DTS Soundtrack – 10 Acts & Songs With Electric In Their Title.


Oasis – She’s Electric (1995)

A cult classic from Manchester’s favourite brothers Liam and Noel Gallagher, She’s Electric made its entrance on the hugely successful second studio album (What’s The Story) Morning Glory? Oasis went on to become one of the biggest bands in the world and played a pivotal role in the Britpop movement during the 90s.

Eddy Grant – Electric Avenue (1983)

A song we’ve all heard at least once in our lives, Electric Avenue is a perhaps Eddy Grant’s most recognised hit. This funky and chunky classic rocked down to – number 2, in both the UK and US charts. Eddy is thought to have created the Caribbean influenced genre ‘Ringbang’ which draws influence from Calypso and Reggae music.

Electric Six – Danger! High Voltage (2002)

The eccentric six piece rock band Electric Six released Danger! High Voltage as a single in 2002, only to follow it up on their debut album Fire in 2003. Accompanied by a wacky video, a style very much connected with the group, Danger! High Voltage is probably Electric Six’s second most popular song after another track that pushed the boundaries – Gay Bar.

AC/DC – High Voltage (1976)

Vintage Australian punk rock band AC/DC already have electrical connotations in their name, not to mention their first international album High Voltage. AC/DC take their name from the electrical terms alternating and direct current. True to their name AC/DC have been putting on explosive shows since the early 70s right up to 2015, with the Black In Back tour being their most prominent.

Electric Light Orchestra – The Electric Light Orchestra (1971)

Mixing modern rock and pop with classical overtones the Electric Light Orchestra (ELO) went from tepid to rip roaring success in the 70s. The Birmingham band distanced themselves from the gaggle of rock outfits in the 70s by introducing string instruments, playing with violins, cellos, double basses, horns and woodwinds to deliver a classical sound infused with rock.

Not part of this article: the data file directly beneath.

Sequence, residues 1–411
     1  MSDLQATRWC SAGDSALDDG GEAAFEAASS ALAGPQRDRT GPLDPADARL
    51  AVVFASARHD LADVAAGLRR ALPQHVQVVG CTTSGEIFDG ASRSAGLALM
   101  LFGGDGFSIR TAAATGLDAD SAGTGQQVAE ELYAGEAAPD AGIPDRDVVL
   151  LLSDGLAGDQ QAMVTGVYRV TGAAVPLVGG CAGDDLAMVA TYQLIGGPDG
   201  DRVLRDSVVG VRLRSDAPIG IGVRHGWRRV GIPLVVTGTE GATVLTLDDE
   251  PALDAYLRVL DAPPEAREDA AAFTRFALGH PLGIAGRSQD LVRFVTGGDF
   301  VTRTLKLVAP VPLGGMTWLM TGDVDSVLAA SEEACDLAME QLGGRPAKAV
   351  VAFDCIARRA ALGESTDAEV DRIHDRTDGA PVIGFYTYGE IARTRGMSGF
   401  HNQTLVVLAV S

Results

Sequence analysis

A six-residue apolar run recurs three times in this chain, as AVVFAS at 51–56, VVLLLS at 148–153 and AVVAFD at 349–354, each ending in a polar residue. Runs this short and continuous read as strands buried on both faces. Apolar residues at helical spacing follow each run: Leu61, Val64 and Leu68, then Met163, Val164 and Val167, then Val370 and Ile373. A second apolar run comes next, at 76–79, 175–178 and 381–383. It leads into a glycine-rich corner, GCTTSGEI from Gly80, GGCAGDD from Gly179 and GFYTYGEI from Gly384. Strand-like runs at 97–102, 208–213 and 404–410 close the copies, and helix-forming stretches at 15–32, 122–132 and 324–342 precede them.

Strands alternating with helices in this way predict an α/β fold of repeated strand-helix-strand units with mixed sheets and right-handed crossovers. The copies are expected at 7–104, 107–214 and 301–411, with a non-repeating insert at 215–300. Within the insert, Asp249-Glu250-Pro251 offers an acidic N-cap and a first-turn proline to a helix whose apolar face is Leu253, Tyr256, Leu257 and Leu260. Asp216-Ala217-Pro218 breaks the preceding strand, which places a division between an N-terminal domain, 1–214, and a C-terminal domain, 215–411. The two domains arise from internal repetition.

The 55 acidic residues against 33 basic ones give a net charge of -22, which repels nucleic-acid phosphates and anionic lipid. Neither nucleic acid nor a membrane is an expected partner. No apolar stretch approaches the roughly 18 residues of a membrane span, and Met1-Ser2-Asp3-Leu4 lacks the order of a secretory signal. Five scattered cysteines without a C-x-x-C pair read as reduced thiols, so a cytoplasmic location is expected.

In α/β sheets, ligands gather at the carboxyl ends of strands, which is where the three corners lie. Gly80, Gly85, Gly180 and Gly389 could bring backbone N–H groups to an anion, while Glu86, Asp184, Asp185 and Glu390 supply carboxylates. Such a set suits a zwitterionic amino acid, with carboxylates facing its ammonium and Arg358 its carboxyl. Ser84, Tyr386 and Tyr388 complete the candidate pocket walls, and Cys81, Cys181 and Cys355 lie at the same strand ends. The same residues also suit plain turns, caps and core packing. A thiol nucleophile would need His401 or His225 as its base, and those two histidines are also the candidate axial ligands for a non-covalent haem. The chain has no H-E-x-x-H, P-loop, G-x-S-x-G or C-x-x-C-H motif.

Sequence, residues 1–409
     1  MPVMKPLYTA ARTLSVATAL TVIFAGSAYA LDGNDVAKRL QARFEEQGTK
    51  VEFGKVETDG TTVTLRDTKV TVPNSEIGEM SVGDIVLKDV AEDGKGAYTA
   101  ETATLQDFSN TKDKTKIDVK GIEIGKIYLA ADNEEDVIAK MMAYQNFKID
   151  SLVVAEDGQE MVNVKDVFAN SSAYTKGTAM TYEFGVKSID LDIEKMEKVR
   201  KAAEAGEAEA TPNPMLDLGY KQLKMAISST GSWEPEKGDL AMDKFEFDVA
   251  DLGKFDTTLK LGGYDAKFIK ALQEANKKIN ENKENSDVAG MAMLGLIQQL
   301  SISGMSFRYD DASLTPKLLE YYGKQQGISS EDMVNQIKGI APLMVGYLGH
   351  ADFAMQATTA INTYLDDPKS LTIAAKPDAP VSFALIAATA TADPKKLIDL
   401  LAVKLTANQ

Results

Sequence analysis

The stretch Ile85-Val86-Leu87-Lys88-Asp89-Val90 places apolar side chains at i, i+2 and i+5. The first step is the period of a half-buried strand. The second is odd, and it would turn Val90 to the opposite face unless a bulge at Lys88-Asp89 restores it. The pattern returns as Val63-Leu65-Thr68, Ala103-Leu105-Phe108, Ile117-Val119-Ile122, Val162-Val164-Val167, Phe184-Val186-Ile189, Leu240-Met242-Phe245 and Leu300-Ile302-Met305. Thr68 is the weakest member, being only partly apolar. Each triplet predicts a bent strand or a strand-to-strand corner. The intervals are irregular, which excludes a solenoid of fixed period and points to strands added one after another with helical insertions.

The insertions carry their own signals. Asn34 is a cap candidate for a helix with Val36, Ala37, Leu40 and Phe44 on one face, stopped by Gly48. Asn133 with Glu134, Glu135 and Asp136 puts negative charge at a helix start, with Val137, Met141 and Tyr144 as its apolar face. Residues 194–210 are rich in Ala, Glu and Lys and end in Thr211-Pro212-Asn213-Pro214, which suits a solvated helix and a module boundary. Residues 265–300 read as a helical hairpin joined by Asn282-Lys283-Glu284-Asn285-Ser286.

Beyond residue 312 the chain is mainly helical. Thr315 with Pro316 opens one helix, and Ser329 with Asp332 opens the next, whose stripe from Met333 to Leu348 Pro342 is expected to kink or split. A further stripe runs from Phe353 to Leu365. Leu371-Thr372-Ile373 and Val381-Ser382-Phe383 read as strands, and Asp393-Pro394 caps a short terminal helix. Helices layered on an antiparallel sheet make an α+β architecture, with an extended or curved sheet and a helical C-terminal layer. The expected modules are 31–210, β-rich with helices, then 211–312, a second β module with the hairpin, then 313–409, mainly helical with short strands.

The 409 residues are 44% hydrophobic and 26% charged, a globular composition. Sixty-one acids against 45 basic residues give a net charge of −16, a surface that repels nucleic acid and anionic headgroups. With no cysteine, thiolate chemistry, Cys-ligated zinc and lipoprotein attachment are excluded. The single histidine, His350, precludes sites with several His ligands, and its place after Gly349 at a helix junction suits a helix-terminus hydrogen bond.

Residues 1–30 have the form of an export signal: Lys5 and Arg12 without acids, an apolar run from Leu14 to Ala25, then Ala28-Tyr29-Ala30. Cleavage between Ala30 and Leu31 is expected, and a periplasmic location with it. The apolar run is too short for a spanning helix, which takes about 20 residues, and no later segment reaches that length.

Duran Duran – Electric Barbarella (1999)

Another Birmingham band from the late 70s Duran Duran made fame in the early ‘new romantics’ scene but soon dashed this image for a sharper and more sophisticated look. Duran Duran released Electric Barberella in the US (1997) followed later in the UK (1999). It’s thought that the song is a tribute to the science fiction film Barbarella, where it is said the band got its name from the mad scientist called Dr Durand Durand.

Elton John – Electricity (2005)

Legendary singer, songwriter and pianist Elton John produced the song Electricity for the cult classic film Billy Elliot. The song is played in the famous scene where Billy Elliot is auditioning for a place in the Royal Ballet School, London. The aptly titled song coincides with the way in which Billy dances and how it makes him feel.

Kraftwerk – Electric Cafe (1986)

The avant garde minimalistic electro duo Kraftwerk started work on Electric Cafe in 1986, however its most noticeable re-release came years after in 2009 where the title was renamed to Techno Pop. Kraftwerk were pioneers within the early electro scene and they revolutionised the way in which producers manipulated sounds and rhythms. 

Tubeway Army (Gary Numan) – Are “Friends” Electric? (1979)

Sticking to the minimalistic synthesised sounds is Are “Friends” Electric? by British band Tubeway Army, fronted by star man Gary Numan. The actual song is famous for not having a ‘hook-line’ or main chorus, instead its vocals are spoken against a dark and distinct synthesised sound. Despite lacking a clear catchy chorus Are “Friends” Electric? topped the charts in the UK and is still a staple track in Gary Numan’s massive portfolio. It’s also thought the song inspired the theme tune for Channel 4’s comedy The IT Crowd.

U2 – Electrical Storm (2002)

World famous Irish rock band U2 released Electrical Storm in 2002 on their ‘The Best of 1990-2000’ album. Written by front man Bono, Electrical Storm is about two lovers fighting with one another and the electrical storm that engulfs them. The song reached number 1 in Canadian charts, however it peaked at number 5 in the UK charts.

We are sure there are many more songs and acts out there with electric in their name. Please use the comment box below to add your favourites!

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